Migraine Quiz

TMJ/Temporomandibular Dysfunction

TMJ Symptoms and Headache

While there has been a recognized association between bruxism (grinding) and temporomandibular disorders, this has not been well-studied with respect to headache disorders. One study found that 40% of patients presenting with TMD also had migraine. The authors of the study note that further research is necessary.

Clenching has been associated with anxiety disorders, and may be highly comorbid with migraine as well. Although formal studies of temporomandibular dysfunction in migraine are lacking, many headache experts note a correlation between TMD symptoms in their migraine patients.

Types of Temporomandibular Dysfunction

The American Academy of Orofacial Pain recognizes two types of temporomandibular dysfunction. These are called myogenous (related to muscles) and arthrogenous (related to joints). Myogenous TMD is due to bruxism, clenching, or both, and has no evidence of joint issues. Arthrogenous TMD is due to problems with the jaw joint itself, and may include degeneration of the disc in the jaw joint. Many people with TMD will have both types.

TMD occurs more frequently in women, with a 4:1 ratio reported. Not everyone with TMD is depressed. Some people with TMD have abnormalities in a gene called serotonin transporter gene, which has also been found in association with depression. Serotonin transporter gene changes have also been associated with the emotional processing of pain, and may cause an increase in migraine attacks as well as TMD pain.

Symptoms of arthrogenous TMD are popping or clicking of the jaw, inability to fully open the jaw, ear pain or a sense of fullness in the ear, ringing of the ear, dizziness, and hyperacusis (hypersensitivity to normal sound levels). Myogenous TMD causes pain in the jaw and muscles of the face.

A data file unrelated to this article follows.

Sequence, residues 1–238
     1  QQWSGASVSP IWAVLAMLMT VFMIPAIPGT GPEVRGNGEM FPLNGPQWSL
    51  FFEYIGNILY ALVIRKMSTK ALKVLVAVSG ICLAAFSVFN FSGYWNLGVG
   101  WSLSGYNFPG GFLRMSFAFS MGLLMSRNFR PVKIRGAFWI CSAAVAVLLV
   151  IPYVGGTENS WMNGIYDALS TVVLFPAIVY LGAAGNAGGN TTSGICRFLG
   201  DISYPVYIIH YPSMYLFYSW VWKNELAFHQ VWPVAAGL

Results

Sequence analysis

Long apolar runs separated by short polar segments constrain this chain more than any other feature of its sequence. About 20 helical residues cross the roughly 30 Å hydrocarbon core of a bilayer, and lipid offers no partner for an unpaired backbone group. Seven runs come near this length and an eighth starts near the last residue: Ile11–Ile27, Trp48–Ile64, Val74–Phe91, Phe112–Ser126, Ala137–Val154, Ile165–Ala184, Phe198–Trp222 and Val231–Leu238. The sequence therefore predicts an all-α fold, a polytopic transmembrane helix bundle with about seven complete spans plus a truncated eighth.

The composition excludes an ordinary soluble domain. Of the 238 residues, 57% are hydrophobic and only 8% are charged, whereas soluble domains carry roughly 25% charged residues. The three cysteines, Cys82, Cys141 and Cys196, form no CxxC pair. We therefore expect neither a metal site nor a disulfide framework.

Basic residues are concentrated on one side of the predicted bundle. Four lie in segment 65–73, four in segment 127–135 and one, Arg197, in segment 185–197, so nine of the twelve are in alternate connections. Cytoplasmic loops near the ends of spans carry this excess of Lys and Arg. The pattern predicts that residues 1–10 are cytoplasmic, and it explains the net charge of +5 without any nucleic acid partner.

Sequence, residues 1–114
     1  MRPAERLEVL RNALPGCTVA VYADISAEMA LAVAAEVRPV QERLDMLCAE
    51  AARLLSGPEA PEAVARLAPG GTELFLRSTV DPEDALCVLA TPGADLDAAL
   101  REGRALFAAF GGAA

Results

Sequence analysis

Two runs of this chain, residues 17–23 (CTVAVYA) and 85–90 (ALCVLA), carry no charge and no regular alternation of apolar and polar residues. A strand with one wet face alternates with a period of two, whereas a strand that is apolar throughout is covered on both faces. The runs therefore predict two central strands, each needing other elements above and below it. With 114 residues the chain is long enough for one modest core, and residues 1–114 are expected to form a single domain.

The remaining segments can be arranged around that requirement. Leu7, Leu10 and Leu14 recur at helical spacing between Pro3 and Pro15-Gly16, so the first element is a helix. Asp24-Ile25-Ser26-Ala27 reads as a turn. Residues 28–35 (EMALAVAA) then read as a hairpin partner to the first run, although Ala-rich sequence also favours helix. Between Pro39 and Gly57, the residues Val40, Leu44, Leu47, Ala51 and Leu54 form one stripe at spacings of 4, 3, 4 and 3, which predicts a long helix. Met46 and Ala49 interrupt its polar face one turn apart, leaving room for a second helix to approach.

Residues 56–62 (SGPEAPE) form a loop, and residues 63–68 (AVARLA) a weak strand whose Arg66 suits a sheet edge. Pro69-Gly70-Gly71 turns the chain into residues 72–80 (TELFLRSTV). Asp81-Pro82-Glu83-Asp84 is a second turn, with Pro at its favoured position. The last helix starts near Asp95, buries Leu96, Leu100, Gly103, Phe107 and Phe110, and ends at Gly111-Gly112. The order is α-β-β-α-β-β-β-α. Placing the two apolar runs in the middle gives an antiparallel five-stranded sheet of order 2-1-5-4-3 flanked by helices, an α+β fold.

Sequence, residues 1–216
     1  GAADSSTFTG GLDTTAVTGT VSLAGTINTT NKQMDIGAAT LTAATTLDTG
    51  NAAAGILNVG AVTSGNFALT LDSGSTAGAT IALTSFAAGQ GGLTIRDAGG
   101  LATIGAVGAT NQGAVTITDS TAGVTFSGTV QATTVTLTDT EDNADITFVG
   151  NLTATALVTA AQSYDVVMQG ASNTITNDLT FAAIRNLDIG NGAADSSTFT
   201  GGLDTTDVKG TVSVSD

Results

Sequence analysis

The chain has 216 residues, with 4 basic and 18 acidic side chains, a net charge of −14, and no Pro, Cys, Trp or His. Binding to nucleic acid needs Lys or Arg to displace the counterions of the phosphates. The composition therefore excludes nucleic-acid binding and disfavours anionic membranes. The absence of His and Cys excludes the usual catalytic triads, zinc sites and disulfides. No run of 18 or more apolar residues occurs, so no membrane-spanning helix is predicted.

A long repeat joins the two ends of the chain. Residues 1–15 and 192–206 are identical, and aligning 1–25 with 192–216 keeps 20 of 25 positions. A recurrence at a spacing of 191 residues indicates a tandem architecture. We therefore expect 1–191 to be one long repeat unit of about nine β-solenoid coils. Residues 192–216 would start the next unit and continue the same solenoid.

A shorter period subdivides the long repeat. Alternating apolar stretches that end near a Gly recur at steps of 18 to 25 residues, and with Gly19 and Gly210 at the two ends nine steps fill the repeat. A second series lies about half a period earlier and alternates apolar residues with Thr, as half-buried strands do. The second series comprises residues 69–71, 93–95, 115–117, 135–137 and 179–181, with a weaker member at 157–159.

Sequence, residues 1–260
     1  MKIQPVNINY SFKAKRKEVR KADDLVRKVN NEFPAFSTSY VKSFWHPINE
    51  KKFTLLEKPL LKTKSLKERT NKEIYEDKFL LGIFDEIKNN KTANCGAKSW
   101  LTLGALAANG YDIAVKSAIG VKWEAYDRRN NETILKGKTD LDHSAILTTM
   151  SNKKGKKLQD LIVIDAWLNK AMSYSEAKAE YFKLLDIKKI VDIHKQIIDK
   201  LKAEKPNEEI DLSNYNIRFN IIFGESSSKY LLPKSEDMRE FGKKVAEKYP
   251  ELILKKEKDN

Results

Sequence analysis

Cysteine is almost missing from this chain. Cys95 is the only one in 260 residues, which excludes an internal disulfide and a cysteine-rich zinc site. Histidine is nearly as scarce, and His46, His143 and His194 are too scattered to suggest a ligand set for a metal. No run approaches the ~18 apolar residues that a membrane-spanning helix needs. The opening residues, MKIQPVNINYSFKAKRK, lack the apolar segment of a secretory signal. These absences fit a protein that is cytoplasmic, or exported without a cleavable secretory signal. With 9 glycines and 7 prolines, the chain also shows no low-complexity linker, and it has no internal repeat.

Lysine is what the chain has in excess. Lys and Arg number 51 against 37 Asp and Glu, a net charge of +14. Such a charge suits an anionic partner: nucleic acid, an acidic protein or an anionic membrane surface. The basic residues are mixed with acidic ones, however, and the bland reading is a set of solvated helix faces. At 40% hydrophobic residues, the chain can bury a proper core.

Treatment of Tempormandibular Dysfunction

The American Academy of Head, Neck, and Facial pain recommends the following self-management measures for TMD: ice packs, avoidance of hard or chewy foods, like hard bread or steak, and postural measures. In addition to maintaining a good posture in general, you should avoid sitting with your chin in your hand, and you should not sleep on your stomach. Also keep in mind the saying, "lips together, teeth apart."

These measures are not a substitute for medical or dental evaluation. If they are minimally helpful, you may require physical therapy or dental treatment, which can include an oral device.Your physician or dentist will be able to determine whether you need referral to an oral surgeon or craniofacial specialist.

There is little evidence that either orthodontia or occlusal adjustment can prevent or treat temporomandibular dysfunction, according to the Cochrane Summaries.


1. Palit S, Sheaff RJ, France CR, et al. Serotonin transporter gene (5-HTTLPR) polymorphisms are associated with emotional modulation of pain but not emotional modulation of spinal nociception. Biol Psychol. 2011;86(3):360-369.
2. Kotani K, Shimomura T, Shimomura F, Ikawa S, Nanba E. A Polymorphism in the Serotonin Transporter Gene Regulatory Region and Frequency of Migraine Attacks. Headache: The Journal of Head and Face Pain. 2002;42(9):893-895.
3. Esposito, CJ, Fanucci, PJ, Farman, AG. Associations in 425 patients having temporomandibular disorders. J Ky Med Assoc. 2000;98(5):213-215.
4. Gatchel, RJ, Stowell, AW, Buschang, P. The relationship among depression, pain, masticatory functioning in temporomandibular disorder patients. J Orofacial Pain. 2006;20(4):288-296.
5. Ojima, K, Watanabe, N, Narita, N, Narita, M. Temporomandibular disorder is associated with a serotonin transporter gene polymorphism in the Japanese population. Biopsychosoc Med. 2007;1:3. pub online 2007, Jan 10, doi: 10.1186/1751-0759-1-3.
6. Luther F, Layton S, McDonald F. Orthodontics for treating temporomandibular joint (TMJ) disorders. In: The Cochrane Collaboration, McDonald F, eds. Cochrane Database of Systematic Reviews. Chichester, UK: John Wiley & Sons, Ltd; 2010. Available at: http://summaries.cochrane.org/CD006541/orthodontics-for-treating-temporomandibular-joint-tmj-disorders. Accessed January 10, 2012.
7. Koh H, Robinson P. Occlusal adjustment for treating and preventing temporomandibular joint disorders. In: The Cochrane Collaboration, Koh H, eds. Cochrane Database of Systematic Reviews. Chichester, UK: John Wiley & Sons, Ltd; 2003. Available at: http://summaries.cochrane.org/CD003812/occlusal-adjustment-for-treating-and-preventing-temporomandibular-joint-disorders. Accessed January 10, 2012.
by Christina Peterson, M.D.
updated January 10, 2012